- California Gov. Gavin Newsom, D, proposed cuts to zero-emission transportation and building decarbonization programs as part of a proposed 2024-25 state budget presented Jan. 10.
- Though California has to address a $37.9 billion revenue shortfall, the governor proposed preserving funds for public transit in the state.
- Newsom’s proposed budget represents almost a $20 billion cut from the 2023-24 fiscal year budget passed last year.
According to the nonprofit state news service CalMatters, the governor’s proposed 2024-25 budget will cut climate funding by about 7% compared to last year’s budget, which saw a 3% cut in climate programs. Funding of $600 million for the state’s electric vehicle rebate program, Clean Cars 4 All and EV charging stations would be delayed by three years. The proposal also cuts $283 million from building decarbonization programs.
Environmental groups were not happy with the proposed spending cuts. “It is our leaders’ job to figure out how we fund the transition to clean energy and resilience now,” said California Environmental Voters CEO Mary Creasman in a statement. “We can’t backslide or slow down while the climate crisis speeds up.”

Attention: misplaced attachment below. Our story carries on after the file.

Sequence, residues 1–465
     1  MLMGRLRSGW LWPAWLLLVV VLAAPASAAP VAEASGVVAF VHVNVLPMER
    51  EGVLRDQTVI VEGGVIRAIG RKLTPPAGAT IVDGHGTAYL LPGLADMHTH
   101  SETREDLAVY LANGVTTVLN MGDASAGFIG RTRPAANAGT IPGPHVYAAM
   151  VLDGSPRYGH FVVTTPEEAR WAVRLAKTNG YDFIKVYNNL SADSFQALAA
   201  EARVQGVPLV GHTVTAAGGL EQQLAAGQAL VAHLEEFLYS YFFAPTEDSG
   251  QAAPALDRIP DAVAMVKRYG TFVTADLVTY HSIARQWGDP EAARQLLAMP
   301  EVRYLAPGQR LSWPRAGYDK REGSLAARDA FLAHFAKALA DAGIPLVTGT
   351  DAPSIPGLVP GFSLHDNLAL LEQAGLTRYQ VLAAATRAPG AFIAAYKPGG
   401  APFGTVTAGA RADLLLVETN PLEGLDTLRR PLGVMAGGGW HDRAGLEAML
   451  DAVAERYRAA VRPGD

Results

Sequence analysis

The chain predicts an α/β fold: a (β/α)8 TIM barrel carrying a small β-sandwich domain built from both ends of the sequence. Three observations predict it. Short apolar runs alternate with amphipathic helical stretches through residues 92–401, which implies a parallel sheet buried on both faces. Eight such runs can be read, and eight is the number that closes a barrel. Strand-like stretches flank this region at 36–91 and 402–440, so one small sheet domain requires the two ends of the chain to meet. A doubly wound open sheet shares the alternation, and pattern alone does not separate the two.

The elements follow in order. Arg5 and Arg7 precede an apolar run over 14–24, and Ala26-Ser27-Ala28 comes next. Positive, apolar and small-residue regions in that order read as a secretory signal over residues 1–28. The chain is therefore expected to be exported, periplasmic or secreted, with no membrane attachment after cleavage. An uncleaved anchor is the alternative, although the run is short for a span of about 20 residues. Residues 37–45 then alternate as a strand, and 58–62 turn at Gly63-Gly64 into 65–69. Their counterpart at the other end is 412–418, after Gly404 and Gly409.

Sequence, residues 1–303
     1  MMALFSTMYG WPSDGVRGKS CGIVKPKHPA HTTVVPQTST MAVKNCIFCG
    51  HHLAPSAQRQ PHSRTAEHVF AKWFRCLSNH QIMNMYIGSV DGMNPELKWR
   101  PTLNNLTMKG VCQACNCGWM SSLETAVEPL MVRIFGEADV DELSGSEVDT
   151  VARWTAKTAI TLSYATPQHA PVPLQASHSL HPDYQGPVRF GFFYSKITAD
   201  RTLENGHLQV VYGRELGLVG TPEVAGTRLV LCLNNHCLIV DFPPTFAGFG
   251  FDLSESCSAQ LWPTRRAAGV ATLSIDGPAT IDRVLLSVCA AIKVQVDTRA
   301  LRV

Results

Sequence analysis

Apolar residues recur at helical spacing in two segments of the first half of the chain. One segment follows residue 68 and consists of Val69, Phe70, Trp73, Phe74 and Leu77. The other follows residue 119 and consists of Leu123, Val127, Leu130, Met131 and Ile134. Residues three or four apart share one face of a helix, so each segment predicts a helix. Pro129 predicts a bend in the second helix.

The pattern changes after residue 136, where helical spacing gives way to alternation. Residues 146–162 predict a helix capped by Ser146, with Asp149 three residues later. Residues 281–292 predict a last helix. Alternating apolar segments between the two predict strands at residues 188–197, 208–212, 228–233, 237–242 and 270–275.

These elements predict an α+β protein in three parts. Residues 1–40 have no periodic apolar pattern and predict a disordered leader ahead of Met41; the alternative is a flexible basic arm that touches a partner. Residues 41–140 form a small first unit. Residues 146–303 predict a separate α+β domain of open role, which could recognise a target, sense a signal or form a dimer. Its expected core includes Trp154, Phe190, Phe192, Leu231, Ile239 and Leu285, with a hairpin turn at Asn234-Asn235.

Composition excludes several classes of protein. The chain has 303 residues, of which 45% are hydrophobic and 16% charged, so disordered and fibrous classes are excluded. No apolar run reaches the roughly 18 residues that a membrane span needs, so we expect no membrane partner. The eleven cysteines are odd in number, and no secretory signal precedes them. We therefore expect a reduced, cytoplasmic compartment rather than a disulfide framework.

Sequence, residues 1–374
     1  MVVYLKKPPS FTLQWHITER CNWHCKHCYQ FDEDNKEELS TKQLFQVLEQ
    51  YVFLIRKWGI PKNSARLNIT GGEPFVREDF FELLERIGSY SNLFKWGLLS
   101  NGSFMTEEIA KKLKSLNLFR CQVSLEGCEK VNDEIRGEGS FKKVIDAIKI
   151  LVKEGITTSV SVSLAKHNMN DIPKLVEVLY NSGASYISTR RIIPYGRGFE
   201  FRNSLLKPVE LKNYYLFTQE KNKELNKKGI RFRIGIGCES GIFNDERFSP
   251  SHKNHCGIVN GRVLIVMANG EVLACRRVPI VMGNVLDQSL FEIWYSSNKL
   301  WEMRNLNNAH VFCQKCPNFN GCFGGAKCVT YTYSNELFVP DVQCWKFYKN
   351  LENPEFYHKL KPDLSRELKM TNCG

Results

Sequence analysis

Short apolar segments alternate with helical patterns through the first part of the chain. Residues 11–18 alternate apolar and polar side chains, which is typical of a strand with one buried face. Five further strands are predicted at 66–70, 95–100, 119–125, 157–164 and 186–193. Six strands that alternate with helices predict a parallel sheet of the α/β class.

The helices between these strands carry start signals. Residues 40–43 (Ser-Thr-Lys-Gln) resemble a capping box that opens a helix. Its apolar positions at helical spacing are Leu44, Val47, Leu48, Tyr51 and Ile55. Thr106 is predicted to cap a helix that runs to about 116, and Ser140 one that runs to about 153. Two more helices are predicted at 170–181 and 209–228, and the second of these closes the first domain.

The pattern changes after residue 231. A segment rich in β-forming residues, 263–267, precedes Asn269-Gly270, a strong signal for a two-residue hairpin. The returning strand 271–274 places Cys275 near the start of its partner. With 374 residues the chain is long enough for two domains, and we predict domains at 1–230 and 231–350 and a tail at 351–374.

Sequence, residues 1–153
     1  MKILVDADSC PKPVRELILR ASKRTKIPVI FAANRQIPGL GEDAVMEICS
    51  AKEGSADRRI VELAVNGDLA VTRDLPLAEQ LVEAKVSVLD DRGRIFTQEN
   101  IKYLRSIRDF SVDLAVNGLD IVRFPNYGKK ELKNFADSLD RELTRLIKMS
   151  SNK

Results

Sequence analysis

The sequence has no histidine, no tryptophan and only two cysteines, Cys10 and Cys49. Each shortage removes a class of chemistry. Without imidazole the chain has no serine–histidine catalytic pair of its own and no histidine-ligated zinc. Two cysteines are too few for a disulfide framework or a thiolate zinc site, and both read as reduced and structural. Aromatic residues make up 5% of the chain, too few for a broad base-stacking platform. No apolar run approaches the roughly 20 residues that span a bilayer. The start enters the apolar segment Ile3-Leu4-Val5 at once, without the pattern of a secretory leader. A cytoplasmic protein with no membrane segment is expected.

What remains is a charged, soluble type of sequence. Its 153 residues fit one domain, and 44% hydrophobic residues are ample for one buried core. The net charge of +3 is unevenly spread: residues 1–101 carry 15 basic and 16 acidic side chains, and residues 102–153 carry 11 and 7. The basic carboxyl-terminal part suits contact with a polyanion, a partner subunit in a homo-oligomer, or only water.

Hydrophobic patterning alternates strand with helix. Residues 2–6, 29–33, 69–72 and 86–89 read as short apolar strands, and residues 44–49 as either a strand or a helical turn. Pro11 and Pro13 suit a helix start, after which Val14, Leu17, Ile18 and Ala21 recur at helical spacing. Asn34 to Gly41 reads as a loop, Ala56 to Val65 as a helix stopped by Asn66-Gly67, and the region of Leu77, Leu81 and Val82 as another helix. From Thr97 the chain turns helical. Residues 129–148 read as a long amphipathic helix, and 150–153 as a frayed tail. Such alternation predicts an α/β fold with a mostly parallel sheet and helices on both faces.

But according to Lauren Sanchez, the governor’s senior climate advisor, the proposed budget protects 89% of the $54 billion climate budget Newsom had earlier committed to spend over five years.
The budget maintains $5.1 billion in funding for transit agencies, according to the California Transit Association, but Newsom plans to delay $1 billion of those funds for one year. “Last year’s budget provided transit with the significant funding support and flexibility to start California on a path to averting the fiscal cliff and restoring transit ridership,” said TransForm’s Policy Director Zack Deutsch-Gross in a statement. The San Francisco Bay Area organization advocates for smarter transportation and housing policy.
"In an especially tough budget year, we applaud Governor Newsom for recognizing the importance of public transportation to everyday Californians and the role our agencies play in expanding access to jobs and opportunity, improving air quality, and combating climate change,” said Michael Pimentel, executive director for the California Transit Association, in a statement.
The budget process will see a revision to the current proposal in May, based upon updated economic forecasts, and a final budget is expected to be passed in the summer.
“This balanced budget plan keeps California on firm economic footing while continuing our work to tackle homelessness, keep communities safe, expand access to high-quality education, overhaul behavioral health care and fight climate change,” Newsom said in a statement.